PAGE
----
A report produced by Marine Capital Ltd, with the support of UMAS and Lloyd’s Register (LR), estimates that approximately £75bn of investment over the coming three decades will be required for the UK’s domestic maritime sector to transition to net zero. Attracting new sources of capital will be key to the industry’s energy transition. The report, ‘UK Domestic Shipping: Mobilising Investment in Net Zero’, identifies funding mechanisms that can be applied immediately to unlock untapped investment capital to finance this transition, without waiting for the introduction of carbon pricing or the selection of a ‘winning’ zero emission fuel solution.
The report presents the most comprehensive study to-date of the UK domestic maritime sector, and its findings and recommendations are intended to contribute significantly to the next iteration of the UK government’s Clean Maritime Plan.
The complexity of the UK’s domestic maritime sector, with its diverse range of stakeholders, vessels and ports presents significant challenges to achieving net zero. The Study identifies the vessels which comprise the UK domestic and short-sea shipping fleets and provides a profile of these fleets, including a breakdown of emissions by different vessel types. This analysis shows that the largest source of emissions come from a relatively small subsector of vessels, providing the potential for targeted measures.
Both investment and clear, coordinated policy support will be required to overcome the various barriers that currently hinder the sector’s decarbonisation transition. These barriers include uncertainty regarding future demand for and supply of clean fuels, lack of clarity over the evolution of the policy and regulatory environment and limited access to funding by many stakeholders. Identifying areas of priority will be key to the sector’s successful navigation of the net zero pathway over the coming two decades.
Institutional investors, who together represent over $80 trillion in assets, could be a viable source of funding. However, government support will be needed to help them overcome some of the hurdles currently impeding their participation.
Through the use of case studies, the report considers how institutional capital can be unlocked at scale through different types of funding mechanisms and the appropriate supporting government policy. The case studies highlight particular areas which are appropriate for priority attention. Ferries and Ro-Ro vessels, which account for 10% of vessels but 50% of emissions from the domestic and short sea fleets are one such area, as are offshore service vessels. Given the UK’s planned expansion in offshore wind projects, vessels which service this market are also good candidates for targeted measures.
In assessing the appropriate measures and structures that could be applied to the UK’s domestic maritime sector, the report also considers the lessons that can be learned from other comparative regimes, including initiatives such as Green Corridors.
Although decarbonisation undoubtedly presents many challenges for the industry, it also opens up the potential for the UK to build on its core competences and increases the opportunities for growth throughout the UK’s maritime supply chain, from maritime equipment manufacturers and domestic shipyards to manufacturers of clean maritime technology.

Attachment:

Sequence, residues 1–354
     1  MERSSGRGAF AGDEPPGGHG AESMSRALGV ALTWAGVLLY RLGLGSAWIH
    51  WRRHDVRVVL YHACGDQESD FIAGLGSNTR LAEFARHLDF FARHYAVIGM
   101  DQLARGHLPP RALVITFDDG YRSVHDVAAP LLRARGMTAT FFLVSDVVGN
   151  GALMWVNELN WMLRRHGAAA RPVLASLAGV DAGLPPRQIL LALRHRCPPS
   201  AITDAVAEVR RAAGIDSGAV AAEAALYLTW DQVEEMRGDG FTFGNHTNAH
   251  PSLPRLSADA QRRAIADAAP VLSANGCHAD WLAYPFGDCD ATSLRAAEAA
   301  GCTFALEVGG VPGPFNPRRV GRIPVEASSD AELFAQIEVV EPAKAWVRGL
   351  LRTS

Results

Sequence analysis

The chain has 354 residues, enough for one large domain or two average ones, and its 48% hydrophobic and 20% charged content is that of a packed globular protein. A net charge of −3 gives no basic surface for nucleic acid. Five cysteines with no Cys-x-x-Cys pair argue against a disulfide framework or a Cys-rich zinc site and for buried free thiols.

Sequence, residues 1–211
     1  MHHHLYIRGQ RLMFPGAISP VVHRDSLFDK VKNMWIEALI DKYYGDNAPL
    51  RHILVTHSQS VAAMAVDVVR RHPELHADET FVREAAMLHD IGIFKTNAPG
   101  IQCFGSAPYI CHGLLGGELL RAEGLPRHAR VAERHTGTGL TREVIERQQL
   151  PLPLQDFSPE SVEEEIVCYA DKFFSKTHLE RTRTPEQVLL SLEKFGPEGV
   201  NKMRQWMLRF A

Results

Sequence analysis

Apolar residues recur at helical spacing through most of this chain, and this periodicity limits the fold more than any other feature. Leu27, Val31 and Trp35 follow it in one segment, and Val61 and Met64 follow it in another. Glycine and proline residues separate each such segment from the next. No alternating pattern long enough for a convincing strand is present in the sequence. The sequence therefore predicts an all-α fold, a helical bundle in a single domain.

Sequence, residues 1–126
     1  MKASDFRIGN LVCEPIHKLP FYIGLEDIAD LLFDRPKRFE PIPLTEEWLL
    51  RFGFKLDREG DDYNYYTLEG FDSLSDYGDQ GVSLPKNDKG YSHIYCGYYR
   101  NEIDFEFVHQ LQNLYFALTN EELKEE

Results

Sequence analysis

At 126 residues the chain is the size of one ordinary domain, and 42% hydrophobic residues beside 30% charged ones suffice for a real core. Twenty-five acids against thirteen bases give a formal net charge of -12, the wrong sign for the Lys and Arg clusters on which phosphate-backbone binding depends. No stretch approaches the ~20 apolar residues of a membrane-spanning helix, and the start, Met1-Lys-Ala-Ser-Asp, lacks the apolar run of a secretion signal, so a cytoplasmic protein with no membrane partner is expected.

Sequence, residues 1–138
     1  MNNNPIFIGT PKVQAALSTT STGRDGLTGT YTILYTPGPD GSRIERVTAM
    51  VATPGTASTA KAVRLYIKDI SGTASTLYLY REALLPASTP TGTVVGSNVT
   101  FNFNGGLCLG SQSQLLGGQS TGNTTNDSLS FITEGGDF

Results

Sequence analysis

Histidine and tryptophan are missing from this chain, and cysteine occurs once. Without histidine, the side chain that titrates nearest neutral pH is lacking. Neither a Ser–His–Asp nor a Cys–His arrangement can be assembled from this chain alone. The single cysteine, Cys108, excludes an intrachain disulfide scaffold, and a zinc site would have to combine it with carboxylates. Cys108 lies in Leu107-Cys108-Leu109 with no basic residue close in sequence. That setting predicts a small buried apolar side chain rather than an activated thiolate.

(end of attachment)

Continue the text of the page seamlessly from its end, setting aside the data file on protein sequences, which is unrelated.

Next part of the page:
Commenting on the report’s findings, Tony Foster, CEO of Marine Capital Ltd, said: ‘Shipping’s decarbonisation presents many challenges. Domestic shipping is enormously diverse, so merely getting to grips with that diversity was a key element in framing the report. We have highlighted, through case studies, financial mechanisms which can facilitate the participation of institutional capital, particularly in the large-scale fleet renewal that is required. The report clearly indicates how progress can be made now and the support which government can provide to unlock this investment.’’
Akash Kapur of UMAS said: “The UK domestic and short sea fleets’ structures of ownership and operation is ill-prepared and ill-suited to the rapid transition to new energy and technologies that is needed. The suggestions for new investors, novel ownership structures and coalitions, in combination with much greater clarity and regulation from government, provides a pathway for shipping to align with UK’s net zero objective.”
“The coming three decades will need to see a significant shift towards large-scale investments into new and retrofitted vessels in domestic fleets, zero carbon fuel production and bunkering infrastructure, alongside their associated supply chains, which can span across multiple related industries across the world,” observed Dr.Carlo Raucci, Decarbonisation Consultant, LR Maritime Decarbonisation Hub. “These are deep, long-term commitments requiring a coordinated approach by both government and the industry to mobilise investments from external sources of capital.”
Jos Standerwick, CEO of Maritime London, who chaired the working group that highlighted the need for this report said: “This report provides a crucial contribution to the UK’s maritime decarbonisation plan. The report clearly evidences where the barriers to new capital entering the market exist and how the UK government can provide assurance to unlock investment. The UK domestic shipping industry now has the foundations of a commercial pathway to successfully achieve the UK’s net zero objectives.”